A Critical VMware Cloud Director Issue Could Allow Hackers to Takeover the Whole Cloud Infrastructure

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VMware, a virtualization and cloud computing company, has released an update on Thursday to fix a security vulnerability in Cloud Director that could allow remote code execution.

The issue, assigned the identifier CVE-2022-22966, has a CVSS score of 9. 1 out of a maximum of 10. VMware gave Jari Jaaskela, a security researcher, credit for reporting the flaw.

“An authenticated, high privileged malicious actor with network access to the VMware Cloud Director tenant or provider may be able to exploit a remote code execution vulnerability to gain access to the server,” VMware said in an advisory.

Vembeau Cloud Director, formerly vCloud Director, is the most popular cloud management platform. It’s used by several well-known cloud service providers to manage and operate their cloud infrastructures. Half a million VMware customers use the software to run the world’s complex digital infrastructure.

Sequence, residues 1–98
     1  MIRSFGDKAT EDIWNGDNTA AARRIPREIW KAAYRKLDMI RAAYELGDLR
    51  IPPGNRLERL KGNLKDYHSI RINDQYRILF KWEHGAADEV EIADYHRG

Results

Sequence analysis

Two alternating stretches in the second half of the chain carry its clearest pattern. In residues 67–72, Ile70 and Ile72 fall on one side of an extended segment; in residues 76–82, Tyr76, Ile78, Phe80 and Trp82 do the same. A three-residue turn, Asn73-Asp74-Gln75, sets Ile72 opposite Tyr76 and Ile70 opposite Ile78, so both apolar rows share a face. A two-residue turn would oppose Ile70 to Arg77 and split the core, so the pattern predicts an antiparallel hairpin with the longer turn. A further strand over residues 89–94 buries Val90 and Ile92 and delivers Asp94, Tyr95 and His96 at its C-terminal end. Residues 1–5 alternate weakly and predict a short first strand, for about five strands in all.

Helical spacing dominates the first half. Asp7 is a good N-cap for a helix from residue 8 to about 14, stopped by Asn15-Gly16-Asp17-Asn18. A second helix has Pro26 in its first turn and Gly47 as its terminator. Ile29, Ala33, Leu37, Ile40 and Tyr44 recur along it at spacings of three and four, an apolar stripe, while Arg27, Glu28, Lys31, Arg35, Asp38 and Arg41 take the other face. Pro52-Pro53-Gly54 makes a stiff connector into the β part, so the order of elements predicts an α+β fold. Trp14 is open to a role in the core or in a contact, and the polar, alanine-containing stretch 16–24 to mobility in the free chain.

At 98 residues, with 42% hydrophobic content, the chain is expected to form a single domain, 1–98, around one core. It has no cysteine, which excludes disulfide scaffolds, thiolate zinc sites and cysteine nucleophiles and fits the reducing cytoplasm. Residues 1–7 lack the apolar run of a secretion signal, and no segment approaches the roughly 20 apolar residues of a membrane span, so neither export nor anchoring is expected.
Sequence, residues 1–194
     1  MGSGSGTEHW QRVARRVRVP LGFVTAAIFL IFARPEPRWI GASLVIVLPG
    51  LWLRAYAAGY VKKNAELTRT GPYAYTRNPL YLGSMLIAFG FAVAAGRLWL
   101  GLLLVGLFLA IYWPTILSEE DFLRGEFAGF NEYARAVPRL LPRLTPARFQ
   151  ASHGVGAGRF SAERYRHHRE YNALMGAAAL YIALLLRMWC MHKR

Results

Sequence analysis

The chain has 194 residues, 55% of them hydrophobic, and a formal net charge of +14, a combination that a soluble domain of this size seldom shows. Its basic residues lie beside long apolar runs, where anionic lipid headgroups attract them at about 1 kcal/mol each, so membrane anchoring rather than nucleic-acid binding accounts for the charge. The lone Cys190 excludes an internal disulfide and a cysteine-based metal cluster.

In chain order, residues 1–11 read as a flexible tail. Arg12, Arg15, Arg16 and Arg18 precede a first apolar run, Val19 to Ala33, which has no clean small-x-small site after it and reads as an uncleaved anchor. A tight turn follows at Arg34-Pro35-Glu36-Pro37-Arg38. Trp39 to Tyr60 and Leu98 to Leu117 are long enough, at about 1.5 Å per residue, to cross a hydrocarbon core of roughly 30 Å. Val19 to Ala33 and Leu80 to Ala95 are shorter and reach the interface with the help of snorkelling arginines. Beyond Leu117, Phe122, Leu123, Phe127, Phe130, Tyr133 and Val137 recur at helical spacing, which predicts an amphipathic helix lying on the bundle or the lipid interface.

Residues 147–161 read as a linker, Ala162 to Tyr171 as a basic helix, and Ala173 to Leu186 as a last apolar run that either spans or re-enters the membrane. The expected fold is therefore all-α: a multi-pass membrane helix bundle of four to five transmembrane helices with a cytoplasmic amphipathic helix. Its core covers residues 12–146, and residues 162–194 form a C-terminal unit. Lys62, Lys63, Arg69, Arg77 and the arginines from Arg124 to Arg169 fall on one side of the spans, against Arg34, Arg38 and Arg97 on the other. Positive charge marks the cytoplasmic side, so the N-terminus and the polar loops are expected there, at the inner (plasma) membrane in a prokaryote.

The vulnerability could, in other words, end up allowing attackers to gain access to sensitive data and take over private clouds within an entire infrastructure.

Affected versions include 10. 1.x, 10. 2.x, and 10. 3.x, with fixes available in versions 10.1.4. 1, 10.2.2. 3, and 10.3.3. The company has also published workarounds that can be followed when upgrading to a recommended version is not an option.

The patches arrive a day after exploits for another recently fixed critical flaw in VMware Workspace ONE Access were detected in the wild.

The flaw (CVE-2022-22954) relates to a remote code execution vulnerability that stems from server-side template injection in VMware Workspace ONE Access and Identity Manager.

With VMware products often becoming a lucrative target for threat actors, the update adds to the urgency for organizations to apply necessary mitigations to prevent potential threats.

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